Emotional Eating, Illness and the Holidays

Emotional Eating, Illness and the Holidays


One of my favorite things about the holiday season is using leftovers to make delicious meals that last for the entire month. If you follow this blog, you know that I adhere to The Wahls Protocol. This way of eating has improved my health ten fold and has held my MS at bay. At present I still have relapsing remitting MS and have not progressed, at my age a small wonder. Yes, I have used disease-modifying drugs and am currently on my fourth, a strong b-cell depletion therapy, but I am confident that my lifestyle choices have been as important if not more than these medications.

I believe strongly in n=1 experimentation on my body and have found my sweet spot with diet, adequate sleep and exercise. It has taken a few years to get it right, but I can say with confidence that I have it down. Thankfully, I have a wonderfully open and patient neurologist that does not brush aside complimentary therapies. Even though she runs the Neurological Residency program at Cedar Sinai, she often acts more like a functional medicine doctor, looking at me as an entire system and not just what she sees on my brain and spine MRI. For this I am forever thankful.

The holidays can come with strong emotional memories that we often correlate with food. Maybe your family made the same dish every Thanksgiving and it simply does not feel like the holidays without it. Part of the reason for this blog was a need for me to find a healthful alternative to chocolate chip cookies, which are most obviously a trigger for me. Over the course of the years, I have finally come up with some recipes that fit in my new lifestyle, yet satisfies a need for comfort food. This is not without its challenges. Just this week, I used the Trader Joe’s chocolate chips instead of my usual diary free brand to make a holiday dessert. Friday was awful, my whole right side ached and I have pins and needles in my leg for the next 24-48 hours. I knew instantly that there was something in those chips that I could not tolerate, probably dairy even though they profess to be dairy free. After a day of rest, Epsom salt baths and healthy eating I felt much better. It is really that simple, food matters to me, I am not being selfish or picky. If I eat the wrong foods, my body lets me know in the worst way.


Along with food, I always make time for exercise.  Movement is not a luxury for me, but a necessity.  During the holidays, with the added stress that this time of year can bring, exercise becomes even more important. This could mean a nice hike, a trip to the gym or some lengthy stretching.  It really does not matter what I do, as long as I move my body every single day. If I do not, the spasticity comes back and my legs just ache. It feels like a vice squeezing my calves, definitely not pleasant. On most days, I have some level of discomfort, but after working out I always feel much better.

The kids and I after a family workout at the gym!

The final part of the equation is rest.  Adequate rest and relaxation is essential for mitochondrial health and for making healthful eating decision. If I have a rough night and do not sleep, my brain just does not fire quite right.  I “hit the wall” and I am no good to anyone. I value my rest so much that I make it a priority above many other things. If I sleep well, I am much more engaged with life and feel emotionally strong. During the holidays, do not feel bad about prioritizing your sleep. Turn off the Netflix, put the book down and sleep.  Use lavender in your bathwater and put some on your neck, wrist and pillow.  You will have a restful night and wake up ready to go, more able to make good choices with your diet.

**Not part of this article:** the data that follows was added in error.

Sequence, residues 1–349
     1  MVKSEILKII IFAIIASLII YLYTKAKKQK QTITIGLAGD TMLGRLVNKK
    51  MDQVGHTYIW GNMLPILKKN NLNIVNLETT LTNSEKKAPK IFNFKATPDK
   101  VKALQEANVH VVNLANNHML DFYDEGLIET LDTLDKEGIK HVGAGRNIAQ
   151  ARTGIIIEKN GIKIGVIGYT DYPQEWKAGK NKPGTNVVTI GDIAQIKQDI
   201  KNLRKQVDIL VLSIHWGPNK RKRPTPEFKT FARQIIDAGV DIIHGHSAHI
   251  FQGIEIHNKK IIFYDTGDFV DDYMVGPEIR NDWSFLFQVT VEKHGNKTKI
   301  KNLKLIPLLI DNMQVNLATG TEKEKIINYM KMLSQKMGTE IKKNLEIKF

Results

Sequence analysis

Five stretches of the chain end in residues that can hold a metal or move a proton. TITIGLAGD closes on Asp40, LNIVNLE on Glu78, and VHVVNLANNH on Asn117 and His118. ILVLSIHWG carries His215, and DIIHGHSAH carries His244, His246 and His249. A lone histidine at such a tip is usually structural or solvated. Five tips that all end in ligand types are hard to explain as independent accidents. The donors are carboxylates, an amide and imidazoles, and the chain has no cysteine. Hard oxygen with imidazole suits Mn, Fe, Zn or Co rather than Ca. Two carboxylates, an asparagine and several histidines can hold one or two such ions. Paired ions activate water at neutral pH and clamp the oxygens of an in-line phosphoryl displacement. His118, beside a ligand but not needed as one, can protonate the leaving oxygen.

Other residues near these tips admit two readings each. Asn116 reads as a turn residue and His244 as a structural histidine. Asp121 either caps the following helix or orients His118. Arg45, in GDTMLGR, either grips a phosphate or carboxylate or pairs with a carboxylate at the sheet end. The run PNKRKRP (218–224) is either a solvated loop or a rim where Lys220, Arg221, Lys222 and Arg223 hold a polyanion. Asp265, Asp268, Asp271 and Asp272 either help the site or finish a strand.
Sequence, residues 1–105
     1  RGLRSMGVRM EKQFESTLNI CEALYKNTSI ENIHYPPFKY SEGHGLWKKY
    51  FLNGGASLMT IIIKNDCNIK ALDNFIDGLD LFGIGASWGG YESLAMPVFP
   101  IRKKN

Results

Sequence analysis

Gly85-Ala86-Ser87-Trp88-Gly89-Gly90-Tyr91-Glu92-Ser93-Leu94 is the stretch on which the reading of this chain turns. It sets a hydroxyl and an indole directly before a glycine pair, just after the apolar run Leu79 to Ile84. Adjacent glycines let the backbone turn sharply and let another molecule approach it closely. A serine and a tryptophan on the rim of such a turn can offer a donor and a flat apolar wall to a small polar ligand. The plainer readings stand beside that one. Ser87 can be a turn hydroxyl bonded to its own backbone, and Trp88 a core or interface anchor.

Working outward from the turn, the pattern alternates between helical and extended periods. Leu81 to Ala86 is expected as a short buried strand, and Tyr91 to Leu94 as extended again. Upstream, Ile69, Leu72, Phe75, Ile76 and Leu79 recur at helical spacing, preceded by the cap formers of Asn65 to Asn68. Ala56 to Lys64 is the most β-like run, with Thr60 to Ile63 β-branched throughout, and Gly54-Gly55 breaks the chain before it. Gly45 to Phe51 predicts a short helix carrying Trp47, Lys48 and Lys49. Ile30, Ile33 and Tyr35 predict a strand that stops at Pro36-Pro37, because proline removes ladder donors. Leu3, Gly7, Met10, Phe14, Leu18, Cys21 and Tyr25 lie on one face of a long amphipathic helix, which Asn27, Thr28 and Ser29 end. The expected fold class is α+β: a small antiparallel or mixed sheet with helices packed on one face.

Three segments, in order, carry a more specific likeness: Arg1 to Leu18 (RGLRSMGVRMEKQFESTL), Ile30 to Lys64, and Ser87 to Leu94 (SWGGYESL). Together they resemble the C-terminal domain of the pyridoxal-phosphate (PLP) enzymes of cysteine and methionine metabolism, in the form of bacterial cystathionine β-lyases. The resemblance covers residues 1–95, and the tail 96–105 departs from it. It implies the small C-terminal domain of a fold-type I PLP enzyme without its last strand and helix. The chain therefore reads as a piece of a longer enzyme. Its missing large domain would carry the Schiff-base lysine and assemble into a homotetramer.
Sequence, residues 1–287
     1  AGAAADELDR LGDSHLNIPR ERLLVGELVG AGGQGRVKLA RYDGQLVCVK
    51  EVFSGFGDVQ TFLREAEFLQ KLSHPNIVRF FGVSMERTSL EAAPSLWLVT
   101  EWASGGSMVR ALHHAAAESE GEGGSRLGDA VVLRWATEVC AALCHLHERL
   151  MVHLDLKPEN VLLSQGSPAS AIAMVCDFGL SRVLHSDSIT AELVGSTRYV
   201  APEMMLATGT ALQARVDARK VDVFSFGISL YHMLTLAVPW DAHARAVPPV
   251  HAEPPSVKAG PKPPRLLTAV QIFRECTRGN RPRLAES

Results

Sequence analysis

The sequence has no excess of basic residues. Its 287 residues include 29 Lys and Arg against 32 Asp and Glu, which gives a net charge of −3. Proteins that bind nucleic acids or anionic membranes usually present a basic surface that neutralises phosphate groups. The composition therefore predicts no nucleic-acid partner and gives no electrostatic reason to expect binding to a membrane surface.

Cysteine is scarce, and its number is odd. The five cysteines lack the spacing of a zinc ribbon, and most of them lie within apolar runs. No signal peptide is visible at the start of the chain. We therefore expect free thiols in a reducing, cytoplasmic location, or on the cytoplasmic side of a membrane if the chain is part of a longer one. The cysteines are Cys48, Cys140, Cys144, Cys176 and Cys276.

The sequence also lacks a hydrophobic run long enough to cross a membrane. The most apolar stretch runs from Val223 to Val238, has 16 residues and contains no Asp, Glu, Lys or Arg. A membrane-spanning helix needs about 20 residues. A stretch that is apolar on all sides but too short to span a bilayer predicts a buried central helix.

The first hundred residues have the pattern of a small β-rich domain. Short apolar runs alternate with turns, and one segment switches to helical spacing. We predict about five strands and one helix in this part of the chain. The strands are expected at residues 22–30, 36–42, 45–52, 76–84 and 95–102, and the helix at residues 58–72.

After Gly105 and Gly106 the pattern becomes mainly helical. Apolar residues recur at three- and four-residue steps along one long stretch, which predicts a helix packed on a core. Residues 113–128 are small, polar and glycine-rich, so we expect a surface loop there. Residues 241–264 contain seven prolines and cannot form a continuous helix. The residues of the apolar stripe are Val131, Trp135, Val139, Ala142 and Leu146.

Today, as preparation for the busy last weeks of the semester and the stress that this heavy schedule will surely bring, I made some healing turkey soup with the broth that I saved from our turkey. My broth turned out wonderfully as seen by the spoon standing up straight from the container!



I freeze the leftover broth in small cupcake size portions and use it for stir-fry, butternut squash soup or when cooking vegetables. With healthy choices at the ready, I have no excuse and can make just about anything quickly after a long day at work.



If you are feeling the need to revisit your health this coming year, consider treating yourself to the best gift one can give, the gift of health.  Don’t be afraid to begin because you think it will be too difficult. No one starts this journey and achieves perfection right away.  I had many moments in which I ate something that I knew I should not have and I suffered for it. It took a few years and many modifications to come to where I am, a place of balance and health. Believe me, It is well worth the effort.

2 thoughts on “Emotional Eating, Illness and the Holidays

  1. Hello My dear Friend! My heart was elated and resonating with excitement to hear your retelling of the love you had for you grandparents and friend and the longing for their presence. I enjoy talking to you in the gym because you exude a wonderful presence of peace and compassion and joy! It is my hope and prayer that the mantle you carry will be passed on for generations and generations to come. Lastly. I leave you with a saying: “True friend are like diamonds precious and rear false one like autumn leaves found every where”. Have wonderful weekend! Affectionately,

    1. You found the blog! So glad you enjoyed reading it. It truly acts as a journal for me, a place to put all of my many thoughts, a reason to write. Thank you so very much for your kind words. You exhibit your own aura of welcoming acceptance and kindness that is refreshing. You have a wonderful weekend as well.

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